Cassandra Puletapuai

Cassandra Puletapuai feels a certain kinship with wrestler-turned-actor Dwayne Johnson, otherwise known as The Rock. And with rocks in general.

As Puletapuai (pronounced POOH-lay-TAH-pooh-WHY) says of her Samoan heritage, “We don’t have many role models, if you will.” By pursuing success as a carpenter, “I’m hoping to show my Polynesian brothers and sisters, ‘Hey, this one is for us. This is possible,’ ” she adds. “Because we just have The Rock.”

Coincidentally, she’s a former geologist. After getting a bachelor’s degree from the University of Missouri – Kansas City, Puletapuai worked on prestigious projects for engineering and hydrogeology firms nationwide. But in that profession, she realized, the only path to progress was a lot more time in school taking classes.

“It wasn’t where I wanted to be,” she says. “It’s not where I wanted to grow.”

Talking with a couple of her friends who were welders, “I noticed, ‘Hey, wait a minute, you guys are surpassing me in your income. You have no student debt, and you’re able to sit at the table with me.’

“I did kind of one of those steps back, analyzed my life, and that’s when I realized, ‘Wow, you guys have all this advancement, upward mobility, the opportunity to be an entrepreneur and start your own business.’ That’s when I started scouting technical training.”

A self-described Army brat, Puletapuai was born in Germany and had lived in Illinois, Texas and Virginia before settling in Leawood, Kan.

“My favorite TV show when I was little was ‘Home Improvement,’ like Bob Villa, and I loved Heidi,” she remembers, referring to the comedy’s “Tool Girl” character. “It’s so funny how that ended up. I was like, ‘Hey, wake up! I need to be them.’ ”

After coming across Kansas City Kansas Community College, “I started looking around at what I wanted to do, and I was just drawn to carpentry,” Puletapuai says. After seeing what the program offered —building a house — she knew “that’s what I definitely want to do.”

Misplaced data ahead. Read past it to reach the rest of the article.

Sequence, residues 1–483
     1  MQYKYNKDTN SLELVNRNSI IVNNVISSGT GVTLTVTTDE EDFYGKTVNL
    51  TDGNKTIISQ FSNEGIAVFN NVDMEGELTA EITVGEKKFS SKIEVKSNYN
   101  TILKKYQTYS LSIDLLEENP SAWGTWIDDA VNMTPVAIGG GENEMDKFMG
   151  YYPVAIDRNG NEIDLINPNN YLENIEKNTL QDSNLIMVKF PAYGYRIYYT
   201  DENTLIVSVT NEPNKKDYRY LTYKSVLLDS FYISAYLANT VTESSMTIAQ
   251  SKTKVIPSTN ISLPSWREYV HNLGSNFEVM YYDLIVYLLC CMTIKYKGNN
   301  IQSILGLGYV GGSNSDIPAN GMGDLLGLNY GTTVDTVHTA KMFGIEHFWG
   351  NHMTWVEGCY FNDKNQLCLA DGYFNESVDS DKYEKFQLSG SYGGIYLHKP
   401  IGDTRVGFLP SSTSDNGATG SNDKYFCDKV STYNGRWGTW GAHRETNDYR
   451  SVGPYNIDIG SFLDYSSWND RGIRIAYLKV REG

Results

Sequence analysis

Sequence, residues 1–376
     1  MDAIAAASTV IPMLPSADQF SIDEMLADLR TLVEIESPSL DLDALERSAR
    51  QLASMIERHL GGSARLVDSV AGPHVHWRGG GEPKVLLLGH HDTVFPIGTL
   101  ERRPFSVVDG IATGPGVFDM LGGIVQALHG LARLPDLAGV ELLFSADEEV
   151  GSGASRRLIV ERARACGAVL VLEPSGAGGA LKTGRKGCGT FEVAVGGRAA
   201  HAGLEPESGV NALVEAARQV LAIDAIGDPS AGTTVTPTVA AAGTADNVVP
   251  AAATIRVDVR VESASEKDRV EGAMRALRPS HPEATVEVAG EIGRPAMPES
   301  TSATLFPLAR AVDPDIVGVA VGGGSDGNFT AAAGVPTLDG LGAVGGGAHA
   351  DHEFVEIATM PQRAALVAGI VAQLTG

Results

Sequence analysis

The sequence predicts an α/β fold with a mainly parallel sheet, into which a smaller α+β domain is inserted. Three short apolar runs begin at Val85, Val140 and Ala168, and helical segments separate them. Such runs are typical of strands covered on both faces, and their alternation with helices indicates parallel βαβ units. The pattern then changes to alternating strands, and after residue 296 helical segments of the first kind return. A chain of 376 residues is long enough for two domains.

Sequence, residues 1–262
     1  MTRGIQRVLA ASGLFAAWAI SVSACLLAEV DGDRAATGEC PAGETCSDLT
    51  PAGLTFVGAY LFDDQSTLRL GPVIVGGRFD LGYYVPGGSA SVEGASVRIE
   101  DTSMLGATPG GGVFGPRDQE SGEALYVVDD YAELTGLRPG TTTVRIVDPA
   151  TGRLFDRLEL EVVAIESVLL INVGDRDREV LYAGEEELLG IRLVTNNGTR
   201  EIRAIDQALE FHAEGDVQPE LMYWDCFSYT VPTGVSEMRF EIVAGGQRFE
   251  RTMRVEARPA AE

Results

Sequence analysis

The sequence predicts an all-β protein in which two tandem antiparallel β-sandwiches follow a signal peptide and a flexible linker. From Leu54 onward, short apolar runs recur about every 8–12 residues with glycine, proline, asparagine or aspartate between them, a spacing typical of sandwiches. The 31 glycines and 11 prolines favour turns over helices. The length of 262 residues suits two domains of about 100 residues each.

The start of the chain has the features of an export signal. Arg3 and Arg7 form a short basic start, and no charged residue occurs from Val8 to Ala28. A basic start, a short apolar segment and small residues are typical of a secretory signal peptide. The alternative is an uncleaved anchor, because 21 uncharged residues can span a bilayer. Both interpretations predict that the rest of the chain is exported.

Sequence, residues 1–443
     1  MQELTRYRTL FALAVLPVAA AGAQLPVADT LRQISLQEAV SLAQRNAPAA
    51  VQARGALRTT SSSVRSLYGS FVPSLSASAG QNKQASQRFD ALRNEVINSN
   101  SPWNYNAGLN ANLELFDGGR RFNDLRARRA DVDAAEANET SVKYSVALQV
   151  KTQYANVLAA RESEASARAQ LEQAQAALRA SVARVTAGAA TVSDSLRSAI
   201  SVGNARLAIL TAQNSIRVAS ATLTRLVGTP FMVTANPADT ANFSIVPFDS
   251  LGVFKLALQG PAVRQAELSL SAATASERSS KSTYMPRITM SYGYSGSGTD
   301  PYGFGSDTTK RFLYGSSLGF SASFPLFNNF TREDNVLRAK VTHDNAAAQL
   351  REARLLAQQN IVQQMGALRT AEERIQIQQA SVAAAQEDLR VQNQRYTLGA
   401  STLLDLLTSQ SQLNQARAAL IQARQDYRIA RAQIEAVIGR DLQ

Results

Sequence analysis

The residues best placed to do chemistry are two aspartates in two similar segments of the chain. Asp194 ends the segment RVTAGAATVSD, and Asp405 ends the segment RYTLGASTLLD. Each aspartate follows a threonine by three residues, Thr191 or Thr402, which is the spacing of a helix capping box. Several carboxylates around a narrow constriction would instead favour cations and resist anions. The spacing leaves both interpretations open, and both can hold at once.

Like a metamorphic rock, Puletapuai admits she was “a little rough” at first. “I’d never picked up a hammer; I’d never sawed anything.” But after becoming more polished, her creative nature drew her to design and the perfectionism it requires. “For women, we have that natural attention to detail, which is what carpentry is all about and geared to,” she explains.

A Rock-Solid Platform

In the carpentry program, Puletapuai says she was “motivated by not only the mechanics of what’s offered on the technical side but definitely the personal and the professional skills that are offered.” As a SkillsUSA member, she was elected to state office and competed nationally in Extemporaneous Speaking.

“The networking is immense,” she describes the most recent SkillsUSA conference in Louisville, Ky. “Just by being at this conference, I’ve met other carpenters, other teachers, who are willing to share their knowledge with me. They’re like, ‘How are you doing? Do you know how to do this?’ or ‘Hey, look me up.’ I love that, because at a university I felt it was very ‘sink or float’ and very closed off, like, ‘I know more than you.’ I didn’t like that.” Now, she adds, “I feel the connections I’ve made are very genuine.”

Being a SkillsUSA leader has given her a platform to encourage more women to go into carpentry. “I became an advocate as I got further and further into my education,” she says. At her school’s career day, her words have resonated with female visitors. Others are listening, too, from state legislators to middle-school girls.

As for future plans, “I will continue to be an advocate for SkillsUSA, volunteer,” she adds. “I also want to start my own business and be an entrepreneur.

“I’m already ready to go and build buildings,” the student asserts. “No, I’m realistic with my goals, but slowly but surely, I know I would probably start with remodeling, slowly start there and then probably get into new construction.”

To help her neighbors attain the American Dream, Puletapuai wants to offer quality homes at an affordable price. She also dreams of a faraway place and lifting its residents out of poverty — something even The Rock can’t do.

“I made this promise: If I am successful, I will definitely go back to American Samoa and teach my own Polynesian brothers and sisters how to do a trade in carpentry, so they can get off the island or make a living there,” she says.